Campus Crucifix Initiative organizes student art contest
Rose Androwich | Monday, November 20, 2023
The Campus Crucifix Initiative (CCI), which began in 2019 and displays crucifixes from around the world, has planned a contest for student artists. The initiative is accepting submissions of student-made sculptures and paintings of crucifixes until March 18, 2024.
In addition to the crucifixes already displayed around campus, CCI has crucifixes in the new Raclin Murphy Museum of Art. The initiative also has a collection of around 30 to 40 crucifixes on display on its website.
Fr. Austin Collins, vice president for mission engagement and church affairs, said the crucifixes reflect the universalism of the church.
“By getting crucifixes from all over the world, [CCI] shows what the church is. It’s a universal church, and so [the church] is not just one thing,” Collins said. “Sure, it’d be easier just to order 10,000 crucifixes from a company that are all the same size and all of that.”
Mimi Schneider, a student worker for CCI, researches the crucifixes as part of her job. She said the research can be difficult because the initiative gets crucifixes from all over the world.
“The research can be difficult because for a lot of them I can’t find any information. It’s kind of waiting to hear back from the people that know about them,” she said.
But the research is interesting work because of the stories found in each crucifix, Schneider added.
“It’s really interesting work because each crucifix tells its own story, and you can learn a lot about them through the artists because a lot of the times the artist was inspired in some way,” Schneider said. “And sometimes, even the materials tell a story, like what they use to make it. There’s a lot of interesting information.”
Schenider said the contest is a good idea because she thinks students should have a way connect with the initiative.
“I think one issue with the initiative is that we didn’t have a way to really connect with students,” Schneider said. “I think this is a really good way to sort of bridge that gap because a lot of students haven’t even heard about the initiative. And this is a good way for students to not only learn about the initiative, but also get involved.”
According to Schneider, the crucifixes selected by the initiative tell a story because they are often made by hand.
“I think the ones we choose can really tell a story,” Schneider said. ”So these aren’t crucifixes that have been mass manufactured. They’re not from a factory —for example, most of them have been handmade.”
The crucifixes reflect the artists’ unique experience, she added.
“They’re from a different part of the world, from an artist that kind of has their own unique experiences,” Schneider said. “Sometimes the crucifix itself reflects those experiences too.”
German professor Mark Roche said the initiative was inspired by the idea that artworks spark theological reflection.
“Artworks are sources of theological reflection,” Roche said. “They embody in a sense an aspect of the sacramental vision of Catholicism — the idea that the infinite is expressed in the finite.”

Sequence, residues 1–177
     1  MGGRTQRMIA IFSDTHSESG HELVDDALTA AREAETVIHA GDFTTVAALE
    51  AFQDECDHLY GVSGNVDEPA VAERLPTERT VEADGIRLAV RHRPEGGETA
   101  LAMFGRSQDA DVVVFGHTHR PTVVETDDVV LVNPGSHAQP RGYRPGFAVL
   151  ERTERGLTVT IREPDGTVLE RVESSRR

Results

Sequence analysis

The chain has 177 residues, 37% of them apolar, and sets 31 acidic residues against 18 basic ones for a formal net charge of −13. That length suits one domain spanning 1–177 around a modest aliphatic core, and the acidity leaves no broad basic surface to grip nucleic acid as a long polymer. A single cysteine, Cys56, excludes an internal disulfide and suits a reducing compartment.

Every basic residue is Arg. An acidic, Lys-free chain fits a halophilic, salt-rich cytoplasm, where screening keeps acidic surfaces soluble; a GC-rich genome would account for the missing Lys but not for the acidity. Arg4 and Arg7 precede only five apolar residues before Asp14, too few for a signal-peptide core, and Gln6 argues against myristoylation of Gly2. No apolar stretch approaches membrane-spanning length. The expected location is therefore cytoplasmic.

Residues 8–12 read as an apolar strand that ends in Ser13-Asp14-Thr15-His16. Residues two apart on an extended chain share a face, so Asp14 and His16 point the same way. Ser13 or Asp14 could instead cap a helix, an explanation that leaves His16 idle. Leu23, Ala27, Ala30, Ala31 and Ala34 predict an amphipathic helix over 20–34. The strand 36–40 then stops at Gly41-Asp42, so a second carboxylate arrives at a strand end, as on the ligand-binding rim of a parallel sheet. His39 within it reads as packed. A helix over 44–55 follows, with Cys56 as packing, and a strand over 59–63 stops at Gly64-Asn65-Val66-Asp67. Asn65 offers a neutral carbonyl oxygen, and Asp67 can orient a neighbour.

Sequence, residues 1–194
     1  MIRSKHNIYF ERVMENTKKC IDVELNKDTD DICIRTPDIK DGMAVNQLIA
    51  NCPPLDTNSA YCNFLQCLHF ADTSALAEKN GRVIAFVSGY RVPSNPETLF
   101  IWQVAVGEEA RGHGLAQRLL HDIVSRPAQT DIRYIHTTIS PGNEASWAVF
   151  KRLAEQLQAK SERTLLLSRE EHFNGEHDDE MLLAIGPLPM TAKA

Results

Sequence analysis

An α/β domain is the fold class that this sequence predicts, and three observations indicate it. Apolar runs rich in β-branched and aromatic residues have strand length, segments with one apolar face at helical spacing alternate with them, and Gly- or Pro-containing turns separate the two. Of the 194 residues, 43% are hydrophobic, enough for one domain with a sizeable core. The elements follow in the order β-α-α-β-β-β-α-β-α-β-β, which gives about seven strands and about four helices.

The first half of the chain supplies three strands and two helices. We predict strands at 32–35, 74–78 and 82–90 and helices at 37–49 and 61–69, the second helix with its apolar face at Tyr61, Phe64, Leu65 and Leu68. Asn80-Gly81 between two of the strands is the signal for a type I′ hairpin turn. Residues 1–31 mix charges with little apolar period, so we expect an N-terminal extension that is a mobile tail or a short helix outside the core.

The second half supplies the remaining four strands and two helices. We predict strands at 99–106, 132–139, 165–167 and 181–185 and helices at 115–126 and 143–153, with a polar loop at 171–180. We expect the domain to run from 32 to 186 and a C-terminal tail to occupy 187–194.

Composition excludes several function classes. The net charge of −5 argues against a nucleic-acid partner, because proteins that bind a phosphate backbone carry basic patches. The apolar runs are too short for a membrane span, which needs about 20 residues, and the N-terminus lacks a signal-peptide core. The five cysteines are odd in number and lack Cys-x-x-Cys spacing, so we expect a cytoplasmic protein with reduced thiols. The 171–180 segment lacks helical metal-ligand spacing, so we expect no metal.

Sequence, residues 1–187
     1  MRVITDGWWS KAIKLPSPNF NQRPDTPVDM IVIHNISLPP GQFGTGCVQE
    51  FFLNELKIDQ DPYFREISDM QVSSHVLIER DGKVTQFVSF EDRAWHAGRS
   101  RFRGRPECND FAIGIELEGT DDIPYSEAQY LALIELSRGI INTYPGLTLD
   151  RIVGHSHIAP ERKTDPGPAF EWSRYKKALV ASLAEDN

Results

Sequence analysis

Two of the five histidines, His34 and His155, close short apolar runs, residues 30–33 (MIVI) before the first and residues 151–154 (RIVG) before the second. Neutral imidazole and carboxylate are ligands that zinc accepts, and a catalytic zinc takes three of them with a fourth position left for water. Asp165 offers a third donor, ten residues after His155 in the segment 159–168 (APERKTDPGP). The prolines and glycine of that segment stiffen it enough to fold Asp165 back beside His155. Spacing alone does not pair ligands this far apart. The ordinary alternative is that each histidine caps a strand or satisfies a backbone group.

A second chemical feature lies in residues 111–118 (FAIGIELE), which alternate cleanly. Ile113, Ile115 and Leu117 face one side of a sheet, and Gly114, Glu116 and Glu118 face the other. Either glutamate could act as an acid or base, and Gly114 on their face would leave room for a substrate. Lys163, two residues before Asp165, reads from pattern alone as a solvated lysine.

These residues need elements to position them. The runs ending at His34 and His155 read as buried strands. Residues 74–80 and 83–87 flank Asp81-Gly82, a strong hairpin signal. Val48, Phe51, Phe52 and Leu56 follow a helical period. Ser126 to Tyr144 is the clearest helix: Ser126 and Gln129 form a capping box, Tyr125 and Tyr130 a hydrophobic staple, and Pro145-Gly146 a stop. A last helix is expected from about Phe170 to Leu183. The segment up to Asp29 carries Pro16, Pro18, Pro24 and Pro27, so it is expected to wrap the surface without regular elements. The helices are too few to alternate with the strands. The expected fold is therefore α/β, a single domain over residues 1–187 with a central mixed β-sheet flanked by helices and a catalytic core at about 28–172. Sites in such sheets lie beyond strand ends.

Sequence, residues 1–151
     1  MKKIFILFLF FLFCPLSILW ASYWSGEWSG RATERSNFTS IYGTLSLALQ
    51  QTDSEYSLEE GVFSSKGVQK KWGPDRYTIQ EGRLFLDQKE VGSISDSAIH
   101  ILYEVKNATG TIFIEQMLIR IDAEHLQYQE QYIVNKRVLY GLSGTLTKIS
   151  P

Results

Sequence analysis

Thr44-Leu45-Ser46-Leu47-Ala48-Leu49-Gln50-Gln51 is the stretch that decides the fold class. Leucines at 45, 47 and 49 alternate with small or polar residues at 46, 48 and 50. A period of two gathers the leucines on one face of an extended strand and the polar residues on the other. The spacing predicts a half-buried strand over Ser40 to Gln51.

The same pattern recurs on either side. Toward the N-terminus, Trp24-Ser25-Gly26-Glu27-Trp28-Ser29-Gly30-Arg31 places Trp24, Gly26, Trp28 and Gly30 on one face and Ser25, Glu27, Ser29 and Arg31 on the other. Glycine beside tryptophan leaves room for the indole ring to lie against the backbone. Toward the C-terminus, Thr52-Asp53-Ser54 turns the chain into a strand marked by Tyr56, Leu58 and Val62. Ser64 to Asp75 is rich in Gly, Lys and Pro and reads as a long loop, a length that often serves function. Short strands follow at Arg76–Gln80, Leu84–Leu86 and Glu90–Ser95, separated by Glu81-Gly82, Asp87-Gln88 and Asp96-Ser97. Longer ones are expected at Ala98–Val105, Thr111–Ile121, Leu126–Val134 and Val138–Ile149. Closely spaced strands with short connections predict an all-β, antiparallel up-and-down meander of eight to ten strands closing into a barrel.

Roche said the diversity of the initiative can be seen in many ways.
“Certainly the international dimension presupposes an element of diversity, but there are also different traditions in creating a crucifix,” he said. “Different cultures and regions will emphasize different aspects.”
Roche hopes that the contest will invite students to embrace creativity.
“We hope that students will feel the invitation to be creative, spiritual and artistic in thinking about how they would like to represent Christ on the cross,” Roche said.
Roche was the dean of the College of Arts and Letters for more than decade. He said his field led him to an awareness about the tradition of German crucifixes.
“I was dean of [the College of Arts and Letters] for 11 years, and my field is German studies,” Roche said. “And I was aware of the very interesting tradition of German crucifixes.”
Roche said the German crucifixes mean a lot to him because he knows the German tradition and loves bringing a visual reminder of that tradition to campus. According to Roche, CCI is one of the most diverse committees at the University because of the faculty representation.
Roche highlighted the complex history of a crucifix from Japan.
“If you look at the one from Japan, it’s really quite remarkable,” he said. “It was an underground crucifix because Christianity was outlawed for a period in Japan. So there are a lot of interesting facets to this.”
Roche said the Ukrainian crucifixes are some of his favorites.
“The Ukrainian ones are absolutely gorgeous, if you look at them,” Roche said. “They are so intricate in the woodcarving, gracious in a certain sense. It’s almost as if Christ is floating in some ways, ready to ascend.”
He added that with Ukraine being so prominent in the news, the crucifix has become more meaningful.
“It’s one of the more joyous traditions — it’s beautifully done and from Ukraine,” Roche said. “With Ukraine being so prominent in the news today for students to again have some visualization from Ukraine, that’s very meaningful to me.”